Dissertation Defense: Qi Huang
Candidate Name: Qi Huang
Advisor: Toshiko Ichiye, Ph.D.
Title: Enzymes Under Pressure
One of the most interesting questions about piezophiles (pressure-loving) is why enzymes from piezophiles are active at much higher pressures than the homologous enzymes from mesophiles (normal-loving). To study pressure effects on enzymes and the adaptations of enzymes from piezophiles to high pressure, molecular dynamics simulations were performed for homologous enzymes from extremophiles and mesophiles at various temperatures and pressures including the growth temperature (TG) and pressure (PG) of the parent organisms. Most of the studies focus on dihydrofolate reductase (DHFR) from a piezophile Moritella profunda (MpDHFR) and a mesophile Escherichia coli (EcDHFR). Additional simulations compared homologous adenylate kinase (AK) from extremophiles and mesophiles.
The simulations of MpDHFR and EcDHFR show that while the average mean-square fluctuations (MSF) of the atomic coordinates on a sub-nanosec timescale increase with temperature, the MSF on a timescale greater than nanosec also increase with pressure. Moreover, the MSF are almost constant at the TG and PG of the parent organisms indicating they are “corresponding states” conditions for enzyme activity. A quasiharmonic approximation for energy landscapes analysis shows that increasing temperature makes the energy minima of the local effective potential energy less steep while increasing pressure steepens the energy minima, which is consistent with the sub-nanosec behavior of the MSF. Moreover, the underlying potential energy surface of MpDHFR appears inherently softer than that of EcDHFR. In addition, the underlying physical reason for the increased nanosec-plus timescale MSF of MpDHFR and EcDHFR appears to be that pressure, as well as temperature, shortens lifetimes of protein hydrogen bonds. A few sequence differences appear responsible for fewer hydrogen bonds in MpDHFR for flexibility at its lower TG, while EcDHFR has stronger hydrogen bonds to keep it stable at its higher TG. Moreover, a sequence difference is identified in MpDHFR that appeared to reduce over-correlation of collective motions at its higher PG.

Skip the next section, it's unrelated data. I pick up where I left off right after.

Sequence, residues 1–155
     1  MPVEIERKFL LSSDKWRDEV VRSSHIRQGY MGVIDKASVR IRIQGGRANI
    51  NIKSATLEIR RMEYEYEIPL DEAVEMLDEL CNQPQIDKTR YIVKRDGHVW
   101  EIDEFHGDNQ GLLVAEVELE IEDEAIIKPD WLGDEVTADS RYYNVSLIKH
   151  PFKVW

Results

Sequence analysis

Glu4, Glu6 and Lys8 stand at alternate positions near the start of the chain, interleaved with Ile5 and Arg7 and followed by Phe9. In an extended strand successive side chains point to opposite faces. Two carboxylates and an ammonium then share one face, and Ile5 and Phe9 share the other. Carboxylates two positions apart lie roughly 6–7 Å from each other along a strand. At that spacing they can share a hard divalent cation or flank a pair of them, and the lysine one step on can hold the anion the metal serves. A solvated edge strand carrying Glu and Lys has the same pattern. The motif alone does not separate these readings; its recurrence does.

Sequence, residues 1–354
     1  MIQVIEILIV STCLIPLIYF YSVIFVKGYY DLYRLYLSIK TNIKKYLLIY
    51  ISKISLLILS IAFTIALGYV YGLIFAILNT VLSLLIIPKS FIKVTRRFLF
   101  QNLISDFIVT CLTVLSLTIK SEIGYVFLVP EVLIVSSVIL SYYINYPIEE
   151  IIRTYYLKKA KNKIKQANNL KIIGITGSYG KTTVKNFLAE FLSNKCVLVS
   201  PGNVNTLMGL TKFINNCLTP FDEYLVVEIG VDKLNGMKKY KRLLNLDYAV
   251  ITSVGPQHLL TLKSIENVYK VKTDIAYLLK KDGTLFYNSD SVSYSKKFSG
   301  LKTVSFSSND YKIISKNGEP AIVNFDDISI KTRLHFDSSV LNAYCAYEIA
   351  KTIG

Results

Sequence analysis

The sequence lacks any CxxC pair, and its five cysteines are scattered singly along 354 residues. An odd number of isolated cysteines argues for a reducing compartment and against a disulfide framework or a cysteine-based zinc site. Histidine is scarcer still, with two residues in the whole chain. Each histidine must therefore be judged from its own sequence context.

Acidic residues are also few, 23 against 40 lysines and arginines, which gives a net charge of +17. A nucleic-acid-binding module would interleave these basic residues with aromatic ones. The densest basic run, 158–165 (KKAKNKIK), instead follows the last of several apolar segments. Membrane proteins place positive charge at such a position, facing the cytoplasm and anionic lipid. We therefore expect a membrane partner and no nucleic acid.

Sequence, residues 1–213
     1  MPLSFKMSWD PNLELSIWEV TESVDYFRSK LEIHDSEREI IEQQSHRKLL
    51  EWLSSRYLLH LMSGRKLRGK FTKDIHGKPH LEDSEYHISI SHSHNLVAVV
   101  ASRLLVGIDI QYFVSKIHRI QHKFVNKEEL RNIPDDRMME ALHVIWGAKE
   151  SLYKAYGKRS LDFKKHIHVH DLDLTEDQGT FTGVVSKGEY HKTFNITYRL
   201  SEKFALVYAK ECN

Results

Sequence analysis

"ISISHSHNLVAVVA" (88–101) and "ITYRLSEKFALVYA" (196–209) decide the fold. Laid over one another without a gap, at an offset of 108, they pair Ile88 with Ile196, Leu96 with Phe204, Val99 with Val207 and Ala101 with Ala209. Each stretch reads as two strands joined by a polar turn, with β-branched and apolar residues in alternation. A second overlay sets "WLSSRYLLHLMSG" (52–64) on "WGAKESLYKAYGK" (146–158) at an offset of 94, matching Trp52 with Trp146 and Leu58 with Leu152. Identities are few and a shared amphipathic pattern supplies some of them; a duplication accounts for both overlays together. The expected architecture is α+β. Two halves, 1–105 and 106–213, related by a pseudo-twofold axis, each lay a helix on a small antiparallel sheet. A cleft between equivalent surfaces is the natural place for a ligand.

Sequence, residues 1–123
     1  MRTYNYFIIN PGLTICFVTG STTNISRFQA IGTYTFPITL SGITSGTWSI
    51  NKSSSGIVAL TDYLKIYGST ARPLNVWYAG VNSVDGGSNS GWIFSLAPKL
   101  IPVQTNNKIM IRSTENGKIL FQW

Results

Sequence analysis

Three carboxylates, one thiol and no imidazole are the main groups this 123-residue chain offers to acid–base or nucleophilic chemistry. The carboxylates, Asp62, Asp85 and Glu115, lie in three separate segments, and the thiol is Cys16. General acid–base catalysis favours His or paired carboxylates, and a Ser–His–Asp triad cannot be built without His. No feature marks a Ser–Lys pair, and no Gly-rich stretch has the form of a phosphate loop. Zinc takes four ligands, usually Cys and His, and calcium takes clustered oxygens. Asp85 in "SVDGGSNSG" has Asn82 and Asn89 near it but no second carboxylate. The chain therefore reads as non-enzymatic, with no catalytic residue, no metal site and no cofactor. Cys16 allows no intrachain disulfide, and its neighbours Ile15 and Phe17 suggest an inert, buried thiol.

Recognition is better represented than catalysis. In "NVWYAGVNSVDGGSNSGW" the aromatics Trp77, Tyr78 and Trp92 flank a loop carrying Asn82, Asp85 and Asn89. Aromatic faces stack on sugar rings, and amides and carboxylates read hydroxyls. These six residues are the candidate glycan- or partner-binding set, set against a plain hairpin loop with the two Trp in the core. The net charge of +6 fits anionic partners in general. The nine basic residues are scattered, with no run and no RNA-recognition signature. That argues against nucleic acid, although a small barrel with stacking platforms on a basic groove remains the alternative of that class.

Finally, the simulations of homologous AK from extremophiles show that the nanosec-plus timescale MSF of the CORE domain are similar to the results for DHFR. In particular, the MSF are almost constant at the TG and PG of the parent organisms, indicating they are corresponding states.
Friday, August 17 at 12:15pm to 6:15pm
Reiss Science Building, 238
37th and O St., N.W., Washington